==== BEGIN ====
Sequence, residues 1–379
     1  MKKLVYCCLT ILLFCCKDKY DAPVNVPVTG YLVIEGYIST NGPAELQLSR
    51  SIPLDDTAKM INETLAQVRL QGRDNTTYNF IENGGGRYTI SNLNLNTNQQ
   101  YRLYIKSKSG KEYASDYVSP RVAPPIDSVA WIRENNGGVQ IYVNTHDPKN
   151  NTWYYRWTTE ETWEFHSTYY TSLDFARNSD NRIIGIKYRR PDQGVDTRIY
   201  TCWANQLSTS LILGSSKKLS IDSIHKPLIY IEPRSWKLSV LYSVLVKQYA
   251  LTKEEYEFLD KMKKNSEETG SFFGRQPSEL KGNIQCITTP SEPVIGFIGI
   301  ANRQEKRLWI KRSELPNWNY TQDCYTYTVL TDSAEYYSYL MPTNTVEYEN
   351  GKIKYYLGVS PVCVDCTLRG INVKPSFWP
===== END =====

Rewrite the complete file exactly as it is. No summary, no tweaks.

Sequence, residues 1–379
     1  MKKLVYCCLT ILLFCCKDKY DAPVNVPVTG YLVIEGYIST NGPAELQLSR
    51  SIPLDDTAKM INETLAQVRL QGRDNTTYNF IENGGGRYTI SNLNLNTNQQ
   101  YRLYIKSKSG KEYASDYVSP RVAPPIDSVA WIRENNGGVQ IYVNTHDPKN
   151  NTWYYRWTTE ETWEFHSTYY TSLDFARNSD NRIIGIKYRR PDQGVDTRIY
   201  TCWANQLSTS LILGSSKKLS IDSIHKPLIY IEPRSWKLSV LYSVLVKQYA
   251  LTKEEYEFLD KMKKNSEETG SFFGRQPSEL KGNIQCITTP SEPVIGFIGI
   301  ANRQEKRLWI KRSELPNWNY TQDCYTYTVL TDSAEYYSYL MPTNTVEYEN
   351  GKIKYYLGVS PVCVDCTLRG INVKPSFWP